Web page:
It wasn’t the sort of story that journalists, in general agreement that Bush was essentially non-bad, were interested in discussing, and though I wrote it up in a column just before the 1990 Election no one paid any attention, though if true – and it seemed to me pretty certain that it was – the episode did provide useful insight into the man who, in the 1988 campaign, was trading on his war record, courtesy of an amateur movie of his rescue from the Pacific shot by one of the submarine’s crew members.

I’d fallen prey to the illusion that Bush was vulnerable to something journalistically classified as a ‘damaging story’. Nixon was always reeling – eventually out of the Presidency – under the impact of these ‘damaging stories’ because a powerful segment of the press hated him enough from time to time – though not during the Christmas bombing of Hanoi, to be sure – to make a great hullaballoo whenever a damaging story surfaced. Journalists, none more than Lewis, had decided that Nixon was essentially non-good. After he was gone, the illusion, held by others as well as myself, persisted for a time that ‘damaging stories’ would go on making a difference. I was writing a political column with James Ridgeway at the time, and when Jimmy Carter’s fortunes began to rise in the 1976 campaign we had a researcher work through documentary records in the Georgia State archives, amassed during his stint as Governor. Our man toiled diligently away – so diligently in fact that we concluded he was also in the employ of the Republican National Committee – and soon unearthed materials disclosing impressive amounts on non-goodness in the conduct of Governor Carter, who at that time was promising to inaugurate a new age of virtue in American public life, raising essentialism – his goodness, reflective of the goodness of all Americans except his opponent – to an altitude unprecedented in campaign rhetoric.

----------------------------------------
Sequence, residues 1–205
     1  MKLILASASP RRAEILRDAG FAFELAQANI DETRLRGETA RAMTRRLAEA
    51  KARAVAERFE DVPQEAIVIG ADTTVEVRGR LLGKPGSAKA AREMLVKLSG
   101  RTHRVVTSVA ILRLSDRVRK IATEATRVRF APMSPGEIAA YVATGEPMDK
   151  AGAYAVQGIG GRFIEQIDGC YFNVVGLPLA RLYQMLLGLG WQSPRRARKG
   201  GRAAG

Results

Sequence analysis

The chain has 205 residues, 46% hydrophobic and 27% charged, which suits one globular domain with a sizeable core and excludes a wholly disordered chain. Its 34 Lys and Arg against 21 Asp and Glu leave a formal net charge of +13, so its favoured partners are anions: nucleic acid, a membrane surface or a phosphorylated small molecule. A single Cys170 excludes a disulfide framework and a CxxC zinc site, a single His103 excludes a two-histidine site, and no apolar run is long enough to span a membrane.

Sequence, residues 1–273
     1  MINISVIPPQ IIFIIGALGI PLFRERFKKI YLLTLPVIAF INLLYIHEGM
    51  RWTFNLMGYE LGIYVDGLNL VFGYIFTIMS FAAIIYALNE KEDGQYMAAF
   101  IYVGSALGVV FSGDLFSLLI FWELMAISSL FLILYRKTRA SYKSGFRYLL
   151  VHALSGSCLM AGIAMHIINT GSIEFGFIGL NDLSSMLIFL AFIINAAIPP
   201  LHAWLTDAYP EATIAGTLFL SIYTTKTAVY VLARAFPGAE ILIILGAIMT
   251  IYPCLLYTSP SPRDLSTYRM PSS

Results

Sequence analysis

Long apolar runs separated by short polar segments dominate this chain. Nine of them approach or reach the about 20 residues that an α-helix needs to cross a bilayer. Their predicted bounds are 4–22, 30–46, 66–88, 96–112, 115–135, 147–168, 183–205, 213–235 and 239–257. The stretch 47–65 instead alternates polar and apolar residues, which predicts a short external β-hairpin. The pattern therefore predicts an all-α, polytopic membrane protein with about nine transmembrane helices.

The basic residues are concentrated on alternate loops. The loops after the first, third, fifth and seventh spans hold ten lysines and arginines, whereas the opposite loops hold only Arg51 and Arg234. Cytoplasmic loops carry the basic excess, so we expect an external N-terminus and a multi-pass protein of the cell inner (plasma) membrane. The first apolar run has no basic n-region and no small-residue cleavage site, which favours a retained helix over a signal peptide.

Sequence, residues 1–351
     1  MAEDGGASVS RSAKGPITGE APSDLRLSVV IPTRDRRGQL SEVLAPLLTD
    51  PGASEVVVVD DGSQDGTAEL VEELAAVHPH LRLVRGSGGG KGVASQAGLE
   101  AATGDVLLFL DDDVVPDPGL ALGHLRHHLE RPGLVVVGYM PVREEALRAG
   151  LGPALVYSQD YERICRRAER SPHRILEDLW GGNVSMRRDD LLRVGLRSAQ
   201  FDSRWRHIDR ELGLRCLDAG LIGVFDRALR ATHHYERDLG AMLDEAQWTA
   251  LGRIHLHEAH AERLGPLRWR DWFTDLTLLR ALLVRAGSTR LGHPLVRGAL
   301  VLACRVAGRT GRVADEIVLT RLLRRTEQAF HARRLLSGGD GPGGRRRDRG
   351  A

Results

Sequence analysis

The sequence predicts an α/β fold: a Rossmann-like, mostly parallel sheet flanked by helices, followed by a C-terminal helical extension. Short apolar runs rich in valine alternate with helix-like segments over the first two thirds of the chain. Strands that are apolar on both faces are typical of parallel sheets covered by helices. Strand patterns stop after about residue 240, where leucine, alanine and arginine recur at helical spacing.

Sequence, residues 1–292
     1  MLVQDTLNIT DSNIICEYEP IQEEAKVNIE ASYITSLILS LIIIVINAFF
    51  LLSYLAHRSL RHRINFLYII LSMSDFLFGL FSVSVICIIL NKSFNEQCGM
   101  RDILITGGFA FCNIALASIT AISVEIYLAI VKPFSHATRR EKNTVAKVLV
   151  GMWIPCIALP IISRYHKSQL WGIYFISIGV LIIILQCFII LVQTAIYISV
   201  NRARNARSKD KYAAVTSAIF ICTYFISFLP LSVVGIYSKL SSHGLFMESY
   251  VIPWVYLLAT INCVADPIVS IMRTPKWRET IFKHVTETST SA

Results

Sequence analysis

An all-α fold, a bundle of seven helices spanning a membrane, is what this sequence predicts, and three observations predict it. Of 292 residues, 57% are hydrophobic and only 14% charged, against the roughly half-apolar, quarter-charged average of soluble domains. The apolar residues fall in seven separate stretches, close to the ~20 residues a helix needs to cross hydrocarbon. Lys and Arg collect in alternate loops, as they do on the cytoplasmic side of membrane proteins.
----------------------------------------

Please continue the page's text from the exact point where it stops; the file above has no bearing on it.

It was plain enough, from the testimony of the archives, that Carter was just as much a liar, double-dealer, blowhard, serf of corporate power, and coward, as your average seeker after high office, and we hastened to publish the evidence. It made no difference, given the consensus on his non-badness, and I realised then that the ‘damaging story’ was a thing of the past, part of the discarded paraphernalia of the Nixon age.

Reagan answered most satisfactorily this essentialist expectation, since as an excellent actor he had no problem in assuming or discarding roles, and could constantly refashion the ‘essential Reagan’ and live each new role with utter inner conviction.

The first time I saw him in the flesh I thought immediately that ‘flesh’ seemed too intimate a word for the tissue he was then presenting, in 1976, as the visage of a man younger than his years. The ‘age factor’ was thought to be a problem. During the press conference in the New York Hilton in which this ‘age factor’ was delicately raised he invited us to come up and look at his hair, give it a tug if necessary, make sure it wasn’t tinted dark by Grecian formula. As I gave his hair a dutiful yank he held his head forward with a detachment so docile that it was clear that here was a man of iron resolve, every resource recruited to the business of being Reagan-as-young-man-with-dark-hair.